The Myth Of Fingerprints review

With a title snipped off the end of a Paul Simon song (All Around The World Or The Myth Of Fingerprints), it's difficult to know what to expect from this feelgood indie drama. In many ways you should expect nothing, because little actually happens when Roy Scheider's dysfunctional clan gather at the family home in chilly New England. Yet what starts off suspiciously resembling an M&S winter catalogue shoot (all Aran sweaters and woolly socks) slowly unfolds into a touching, charming tale of angst and inner soul-searching.

As with Peter's Friends (only here most of the characters are blood-related), Myth lets you spy on a group of messed-up WASPs via fly-on-the-wall techniques. Scheider is a moody misery of a father, uneasy in the company of his grown-up kids, who are: Julianne Moore's short-tempered city bitch (with down-trodden husband in submissive tow); Michael Vartan's Jake, a shag-happy younger brother intermittently in/out of love with his quickie-in-the-woods' girlfriend; and Laurel Holloman's spunky, tomboyish little sister. Lastly, there's ER doc Noah Wyle, a broken-hearted and insecure depressive, trying to come to terms with the girlfriend who left him.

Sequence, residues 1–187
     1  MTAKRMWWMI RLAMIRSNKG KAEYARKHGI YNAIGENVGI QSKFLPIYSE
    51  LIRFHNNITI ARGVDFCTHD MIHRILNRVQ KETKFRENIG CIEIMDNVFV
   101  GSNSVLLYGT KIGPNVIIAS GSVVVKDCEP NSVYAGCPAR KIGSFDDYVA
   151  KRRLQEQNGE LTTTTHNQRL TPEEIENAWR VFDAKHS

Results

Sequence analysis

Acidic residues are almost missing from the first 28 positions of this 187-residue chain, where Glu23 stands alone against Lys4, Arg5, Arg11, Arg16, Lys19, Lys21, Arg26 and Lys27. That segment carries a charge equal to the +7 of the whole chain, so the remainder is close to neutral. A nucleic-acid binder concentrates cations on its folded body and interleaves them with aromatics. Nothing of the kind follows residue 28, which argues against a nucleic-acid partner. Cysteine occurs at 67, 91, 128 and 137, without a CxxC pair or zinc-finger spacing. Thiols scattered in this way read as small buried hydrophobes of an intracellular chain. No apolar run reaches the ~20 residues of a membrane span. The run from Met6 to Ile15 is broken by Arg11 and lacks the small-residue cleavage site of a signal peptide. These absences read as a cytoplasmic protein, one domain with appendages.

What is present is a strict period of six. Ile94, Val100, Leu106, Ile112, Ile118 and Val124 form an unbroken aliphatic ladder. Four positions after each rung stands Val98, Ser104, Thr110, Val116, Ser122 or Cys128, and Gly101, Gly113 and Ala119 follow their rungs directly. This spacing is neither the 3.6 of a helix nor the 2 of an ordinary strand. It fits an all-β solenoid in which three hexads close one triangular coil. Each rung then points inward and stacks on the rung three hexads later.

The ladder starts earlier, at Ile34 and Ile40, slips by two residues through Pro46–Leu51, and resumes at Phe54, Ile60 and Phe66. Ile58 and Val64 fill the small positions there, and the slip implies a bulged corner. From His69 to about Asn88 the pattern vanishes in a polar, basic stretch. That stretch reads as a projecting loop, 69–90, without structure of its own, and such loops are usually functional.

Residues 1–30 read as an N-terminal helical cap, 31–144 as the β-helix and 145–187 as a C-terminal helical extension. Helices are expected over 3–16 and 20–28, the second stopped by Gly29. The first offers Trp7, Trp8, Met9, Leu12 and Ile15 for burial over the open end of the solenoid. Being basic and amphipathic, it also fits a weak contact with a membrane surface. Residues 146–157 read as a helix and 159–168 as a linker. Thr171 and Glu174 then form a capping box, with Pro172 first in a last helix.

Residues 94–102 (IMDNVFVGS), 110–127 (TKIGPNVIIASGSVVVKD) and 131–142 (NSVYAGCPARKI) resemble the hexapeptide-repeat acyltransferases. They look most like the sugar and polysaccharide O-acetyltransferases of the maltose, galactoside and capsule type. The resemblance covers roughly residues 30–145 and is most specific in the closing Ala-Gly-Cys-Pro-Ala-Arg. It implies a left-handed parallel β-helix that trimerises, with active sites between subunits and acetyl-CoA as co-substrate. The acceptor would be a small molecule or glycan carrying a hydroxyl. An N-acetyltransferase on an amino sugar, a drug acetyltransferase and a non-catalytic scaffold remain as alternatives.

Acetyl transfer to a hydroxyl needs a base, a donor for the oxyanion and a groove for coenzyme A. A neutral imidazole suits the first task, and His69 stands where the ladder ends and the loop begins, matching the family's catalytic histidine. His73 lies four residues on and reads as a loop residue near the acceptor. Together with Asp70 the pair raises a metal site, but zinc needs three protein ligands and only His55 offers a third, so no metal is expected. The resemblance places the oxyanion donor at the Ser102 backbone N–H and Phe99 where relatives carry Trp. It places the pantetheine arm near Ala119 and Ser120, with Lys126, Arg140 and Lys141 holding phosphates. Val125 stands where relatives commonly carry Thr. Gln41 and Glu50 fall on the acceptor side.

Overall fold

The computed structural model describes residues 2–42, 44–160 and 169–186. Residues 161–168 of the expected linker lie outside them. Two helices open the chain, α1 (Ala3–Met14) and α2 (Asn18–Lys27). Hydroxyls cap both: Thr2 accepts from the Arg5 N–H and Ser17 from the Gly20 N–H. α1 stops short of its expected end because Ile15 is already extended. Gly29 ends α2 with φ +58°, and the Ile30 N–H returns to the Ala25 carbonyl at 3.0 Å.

Together, these emotional misfits meet, question and reflect, not only on their adult lives, but also on the notion of family and friendship. All the jealousies, sexual secrets, and resentments that have kept them apart during the past threeyears resurface in a film which bounces erratically from one scene to the next. First funny, then sad; moving, then angry, it's a shame that Freundlich doesn't have enough screen-time to explore his characters fully. Instead you have to make do with a few defining moments: Moore shagging her geeky husband on a train, or Scheider buying a dead turkey, then shooting it to pretend he bagged it himself.

Nevertheless, the film is boosted by some good turns. Applauded at the Sundance Film Festival, The Myth Of Fingerprints is typical of the low-budget, person-driven features that characterises the US indie scene. Tortuous or touching, monotonous or moving, it's a hit or miss piece - depending on your point of view. And, of course, on whether your idea of a good time is 90 minutes of middle-class angst.

A poignant, charming, often funny story about a family reunion torn apart by long-held resentments. And the title? "It's about identity and how it's not constant the way a fingerprint is," explains Freundlich.

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